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Statement of Functional Expenses

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What is the Statement of Functional Expenses?

The statement of functional expenses (SOFE) is a financial report used by not-for-profit organizations to present the functional classification of expenses in addition to the natural classifications of expenses. Natural expense classifications are what constitutes an organization’s chart of accounts and what is featured on its statement of activities. Examples of these include salaries and wages, rent, utilities, insurance, repairs and maintenance, and supplies. Functional expense classification further classifies natural expenses into three areas: program, management and general, and fundraising.

Program expenses represent costs related to the operations of an organization’s programs, which are aimed at fulfilling the organization’s mission. Because of this, the majority (75% is a good benchmark) of an organization’s expenses should show up in this category.

Management and general expenses are considered supporting expenses and are associated with running an organization, regardless of its mission. Common natural expenses in this category are accounting, legal, financing fees, license and filing fees.

Fundraising expenses are also supporting expenses and consist of costs incurred in raising funds for the organization. Natural expenses in this category could be related to fundraising events, mailers, and employees’ time spent fundraising.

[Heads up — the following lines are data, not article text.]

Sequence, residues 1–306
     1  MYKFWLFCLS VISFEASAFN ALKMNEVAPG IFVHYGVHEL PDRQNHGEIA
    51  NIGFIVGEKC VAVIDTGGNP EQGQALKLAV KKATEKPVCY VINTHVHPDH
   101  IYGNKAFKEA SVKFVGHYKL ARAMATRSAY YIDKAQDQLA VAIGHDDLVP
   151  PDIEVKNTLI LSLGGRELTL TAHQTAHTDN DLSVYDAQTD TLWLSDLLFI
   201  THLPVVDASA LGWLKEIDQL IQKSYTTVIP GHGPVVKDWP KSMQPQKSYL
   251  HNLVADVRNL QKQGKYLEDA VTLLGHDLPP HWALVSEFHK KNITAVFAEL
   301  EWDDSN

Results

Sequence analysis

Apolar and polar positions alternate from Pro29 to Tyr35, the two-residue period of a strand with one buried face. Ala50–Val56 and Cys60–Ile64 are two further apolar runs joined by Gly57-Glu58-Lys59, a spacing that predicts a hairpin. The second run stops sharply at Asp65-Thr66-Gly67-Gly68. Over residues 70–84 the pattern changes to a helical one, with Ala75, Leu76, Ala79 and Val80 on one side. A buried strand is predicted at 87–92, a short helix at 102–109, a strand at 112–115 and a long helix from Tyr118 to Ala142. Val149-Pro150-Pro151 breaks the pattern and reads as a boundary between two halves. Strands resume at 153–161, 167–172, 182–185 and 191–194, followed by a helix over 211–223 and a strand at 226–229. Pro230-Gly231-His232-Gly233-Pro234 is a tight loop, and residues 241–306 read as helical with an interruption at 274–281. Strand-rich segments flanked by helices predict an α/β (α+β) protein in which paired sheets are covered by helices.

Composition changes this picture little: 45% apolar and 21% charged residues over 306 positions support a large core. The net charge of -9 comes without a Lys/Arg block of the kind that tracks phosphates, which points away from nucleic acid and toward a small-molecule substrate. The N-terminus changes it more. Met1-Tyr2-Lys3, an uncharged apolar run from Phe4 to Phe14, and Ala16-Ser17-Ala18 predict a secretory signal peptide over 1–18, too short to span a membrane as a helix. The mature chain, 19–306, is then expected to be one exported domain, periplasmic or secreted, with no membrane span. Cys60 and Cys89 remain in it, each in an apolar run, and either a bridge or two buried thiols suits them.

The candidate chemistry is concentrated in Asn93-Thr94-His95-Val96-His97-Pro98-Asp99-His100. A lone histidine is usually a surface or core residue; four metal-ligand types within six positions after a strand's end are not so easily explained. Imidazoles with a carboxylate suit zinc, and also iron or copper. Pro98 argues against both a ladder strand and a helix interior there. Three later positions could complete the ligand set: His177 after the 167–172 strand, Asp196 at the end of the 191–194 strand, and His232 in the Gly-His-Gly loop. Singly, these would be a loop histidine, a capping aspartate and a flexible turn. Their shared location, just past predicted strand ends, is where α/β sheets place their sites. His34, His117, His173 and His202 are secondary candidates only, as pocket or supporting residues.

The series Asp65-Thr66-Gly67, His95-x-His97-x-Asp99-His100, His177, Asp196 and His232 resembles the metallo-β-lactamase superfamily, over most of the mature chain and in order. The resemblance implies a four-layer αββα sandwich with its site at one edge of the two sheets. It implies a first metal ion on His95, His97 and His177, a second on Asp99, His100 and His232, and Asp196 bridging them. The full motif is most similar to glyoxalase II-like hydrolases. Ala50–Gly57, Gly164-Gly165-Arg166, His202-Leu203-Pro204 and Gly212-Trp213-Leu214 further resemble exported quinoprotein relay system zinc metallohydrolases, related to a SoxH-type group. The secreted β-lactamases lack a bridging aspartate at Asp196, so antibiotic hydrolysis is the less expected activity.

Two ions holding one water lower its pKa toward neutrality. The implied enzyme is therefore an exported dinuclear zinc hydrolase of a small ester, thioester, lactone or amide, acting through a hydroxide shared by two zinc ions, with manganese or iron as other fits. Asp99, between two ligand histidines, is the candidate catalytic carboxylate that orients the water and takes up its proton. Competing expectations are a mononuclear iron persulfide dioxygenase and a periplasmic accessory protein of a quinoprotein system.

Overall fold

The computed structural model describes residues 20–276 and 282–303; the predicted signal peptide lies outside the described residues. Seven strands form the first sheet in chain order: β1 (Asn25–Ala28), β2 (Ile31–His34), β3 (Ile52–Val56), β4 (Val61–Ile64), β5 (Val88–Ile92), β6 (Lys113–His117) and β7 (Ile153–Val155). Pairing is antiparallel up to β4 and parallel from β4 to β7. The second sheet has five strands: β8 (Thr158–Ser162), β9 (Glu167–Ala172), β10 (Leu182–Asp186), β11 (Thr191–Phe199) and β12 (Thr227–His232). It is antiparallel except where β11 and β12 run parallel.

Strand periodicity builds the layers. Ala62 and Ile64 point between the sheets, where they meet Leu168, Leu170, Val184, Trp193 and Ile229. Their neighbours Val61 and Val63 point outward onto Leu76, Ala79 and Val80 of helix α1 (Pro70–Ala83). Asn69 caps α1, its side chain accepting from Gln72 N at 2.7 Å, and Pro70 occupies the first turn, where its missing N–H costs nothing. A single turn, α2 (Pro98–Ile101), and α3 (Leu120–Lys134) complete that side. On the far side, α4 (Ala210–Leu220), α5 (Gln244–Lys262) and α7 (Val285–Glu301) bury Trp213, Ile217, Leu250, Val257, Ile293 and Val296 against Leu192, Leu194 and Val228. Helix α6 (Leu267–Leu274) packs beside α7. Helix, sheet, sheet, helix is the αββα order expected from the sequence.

Why is it important?

FASB issued ASU 2016-14, Presentation of Financial Statements for Not-for-Profit Entities (effective for fiscal years beginning after December 15, 2017), which requires all nonprofit organizations to present expenses by natural classification and functional classification. This can be done on the face of the statement of activities in the notes to the financials or as a separate statement (SOFE). In addition to this, not-for-profit organizations exempt under 501©(3) and 501©(4) need to report expenses by natural and functional expense classification on IRS Form 990.

Aside from accounting regulations that require a SOFE in some form, it’s a useful tool for the organization to visualize how their resources are being used. As mentioned previously, most of an organization’s expenses should be devoted to its programs, since those are what will help the organization work towards its mission. If a not-for-profit’s SOFE is showing this isn’t the case, it’s a good starting point for a discussion on why this may be.

Functional Expense Allocation

For natural expenses that can’t be directly tied to one or multiple programs or to one of the support services categories (management and general, and fundraising), a functional expense allocation needs to be done. It will spread the natural expense among the programs and supporting services it indirectly relates to. Examples of natural expenses that are often allocated are personnel costs, rent, utilities, insurance, and supplies. There are a few acceptable allocation methods to choose from: square footage, headcount, and time studies.

The allocation method should be chosen based on what makes sense for the organization. For example, a small organization that doesn’t have departments and whose employees perform a variety of functions probably wouldn’t want to use a headcount method to allocate functional expenses. A time study allocation would be more effective for its allocation.

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